4) How financially stable is my firm? If I were to move up in the company and get laid off at a later date, would the experiences I gained in this new role make me more viable to companies outside of my current organization?
ALTERNATIVE 2: Transition (change careers/fields)
1) How much exposure have I had to the field/profession I’m looking to go into? How can I reality test my fit for this position? If you’re moving from being a police officer to a doctor, have you interned or volunteered at a hospital? What experiences can you take on before making a massive commitment to completely change gears in your career?
2) What will be required to fully make this career shift? Will you need to get an additional degree or certification? If so, how much will that cost? How much will you have to pay? How much time will you have to put in to get those things done?
3) What will it take to get you to the same or a higher salary in this new field? If you’re a neurosurgeon deciding to become a writer, what’s your plan for making up for the salary lost in the process? How will you downsize your lifestyle or add additional streams of income to compensate for any lost wages as you make the shift?
4) How willing are you to start over? When you jump from one career to a completely different one, it often requires starting from scratch which includes working in an entry level position for entry level pay. Given your family dynamics and your monthly budget, is this something you can afford to do?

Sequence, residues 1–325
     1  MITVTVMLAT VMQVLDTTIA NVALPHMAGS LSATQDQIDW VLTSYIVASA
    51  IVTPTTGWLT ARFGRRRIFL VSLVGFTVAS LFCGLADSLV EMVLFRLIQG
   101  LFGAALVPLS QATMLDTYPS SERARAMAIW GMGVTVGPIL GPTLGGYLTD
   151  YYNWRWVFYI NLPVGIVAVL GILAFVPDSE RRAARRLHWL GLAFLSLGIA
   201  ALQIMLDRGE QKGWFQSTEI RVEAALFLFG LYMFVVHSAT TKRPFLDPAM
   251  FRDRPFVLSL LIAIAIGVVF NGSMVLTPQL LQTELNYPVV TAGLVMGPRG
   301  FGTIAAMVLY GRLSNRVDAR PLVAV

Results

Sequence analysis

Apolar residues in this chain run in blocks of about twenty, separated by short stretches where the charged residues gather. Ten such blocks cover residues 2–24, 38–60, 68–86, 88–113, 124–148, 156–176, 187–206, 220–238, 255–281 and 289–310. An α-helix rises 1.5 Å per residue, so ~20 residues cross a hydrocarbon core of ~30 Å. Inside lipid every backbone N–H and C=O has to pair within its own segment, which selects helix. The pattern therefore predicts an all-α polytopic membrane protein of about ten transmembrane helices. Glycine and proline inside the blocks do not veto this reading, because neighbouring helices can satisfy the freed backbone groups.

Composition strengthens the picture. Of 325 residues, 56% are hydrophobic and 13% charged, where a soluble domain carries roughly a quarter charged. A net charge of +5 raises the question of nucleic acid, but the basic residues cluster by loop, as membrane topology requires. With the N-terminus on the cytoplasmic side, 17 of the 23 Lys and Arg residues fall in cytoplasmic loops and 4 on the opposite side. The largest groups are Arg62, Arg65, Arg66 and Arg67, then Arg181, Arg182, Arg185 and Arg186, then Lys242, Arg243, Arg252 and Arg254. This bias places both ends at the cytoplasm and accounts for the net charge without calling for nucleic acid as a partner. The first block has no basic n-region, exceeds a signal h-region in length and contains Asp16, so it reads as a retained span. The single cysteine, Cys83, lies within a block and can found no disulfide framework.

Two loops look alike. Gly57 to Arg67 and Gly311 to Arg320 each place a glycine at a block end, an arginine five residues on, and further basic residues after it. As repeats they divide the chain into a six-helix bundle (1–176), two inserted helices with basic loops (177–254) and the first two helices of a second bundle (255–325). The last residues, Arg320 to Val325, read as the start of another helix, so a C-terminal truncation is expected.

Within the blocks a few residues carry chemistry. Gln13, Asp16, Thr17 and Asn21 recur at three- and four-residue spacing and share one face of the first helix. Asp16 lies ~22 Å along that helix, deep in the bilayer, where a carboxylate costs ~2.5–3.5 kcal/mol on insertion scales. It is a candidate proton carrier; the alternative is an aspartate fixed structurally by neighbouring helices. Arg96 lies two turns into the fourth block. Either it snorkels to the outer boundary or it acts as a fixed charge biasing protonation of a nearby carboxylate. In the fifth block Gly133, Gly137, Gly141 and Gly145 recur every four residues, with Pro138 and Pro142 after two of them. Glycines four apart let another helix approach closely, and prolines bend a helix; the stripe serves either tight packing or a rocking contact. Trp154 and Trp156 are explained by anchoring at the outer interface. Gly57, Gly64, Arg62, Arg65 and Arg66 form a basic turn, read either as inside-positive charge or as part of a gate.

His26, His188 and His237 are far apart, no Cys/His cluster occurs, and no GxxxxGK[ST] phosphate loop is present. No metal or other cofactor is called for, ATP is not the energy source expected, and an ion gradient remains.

ALTERNATIVE 3: Quit (quit a job you hate, one that is sucking the life out of you)
1) What has your current job cost you? Be specific about the tangible costs of staying in your current position. Have you gotten carpel tunnel syndrome? Adrenal fatigue? Depression? Anxiety? Has your eye sight gotten worse? Did you gain 80 pounds? Be clear on the what this job is costing you.
2) How much longer do you feel you can stay at your current position? At all costs, you don’t want to get so fed up that you wake up one morning and quit. Having an exit strategy is always the best way to go.
3) What is your ideal exit date? What kind of exit strategies can you start using to make sure you’re out of the company by this day and time?
4) If you had to stay at this company, what could you do to improve your experience of it?
5) If you had a choice between staying on your current job or working for a company that paid much less but had a better working environment, what would you do?
At the end of the day, the best decision you can make about your career will come from four steps (what Dan and Chip Heath call the WRAP Process in a book they wrote called “Decisive”):
1) Widening your options
2) Reality testing your assumptions
3) Attaining distance (i.e. giving yourself time to reflect and consider)
4) Preparing to be wrong (knowing that no decision is permanent and that you can choose a different path at any point you choose)
Be sure that you complete each of the four above-mentioned steps and then (no analysis paralysis) DECIDE AND DO… It won’t be easy but it will be worth it.